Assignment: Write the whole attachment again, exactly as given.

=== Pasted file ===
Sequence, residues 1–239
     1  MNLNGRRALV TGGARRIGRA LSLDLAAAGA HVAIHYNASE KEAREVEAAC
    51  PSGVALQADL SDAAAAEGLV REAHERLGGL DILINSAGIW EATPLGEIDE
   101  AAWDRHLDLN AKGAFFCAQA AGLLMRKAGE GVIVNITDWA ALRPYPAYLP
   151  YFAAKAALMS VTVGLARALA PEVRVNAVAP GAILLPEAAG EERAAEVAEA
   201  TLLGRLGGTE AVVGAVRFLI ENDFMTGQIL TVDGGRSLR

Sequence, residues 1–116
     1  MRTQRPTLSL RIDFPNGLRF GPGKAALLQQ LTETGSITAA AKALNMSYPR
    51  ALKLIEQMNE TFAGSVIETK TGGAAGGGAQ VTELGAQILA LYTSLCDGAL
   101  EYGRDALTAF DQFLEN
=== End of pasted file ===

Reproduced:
Sequence, residues 1–239
     1  MNLNGRRALV TGGARRIGRA LSLDLAAAGA HVAIHYNASE KEAREVEAAC
    51  PSGVALQADL SDAAAAEGLV REAHERLGGL DILINSAGIW EATPLGEIDE
   101  AAWDRHLDLN AKGAFFCAQA AGLLMRKAGE GVIVNITDWA ALRPYPAYLP
   151  YFAAKAALMS VTVGLARALA PEVRVNAVAP GAILLPEAAG EERAAEVAEA
   201  TLLGRLGGTE AVVGAVRFLI ENDFMTGQIL TVDGGRSLR

Sequence, residues 1–116
     1  MRTQRPTLSL RIDFPNGLRF GPGKAALLQQ LTETGSITAA AKALNMSYPR
    51  ALKLIEQMNE TFAGSVIETK TGGAAGGGAQ VTELGAQILA LYTSLCDGAL
   101  EYGRDALTAF DQFLEN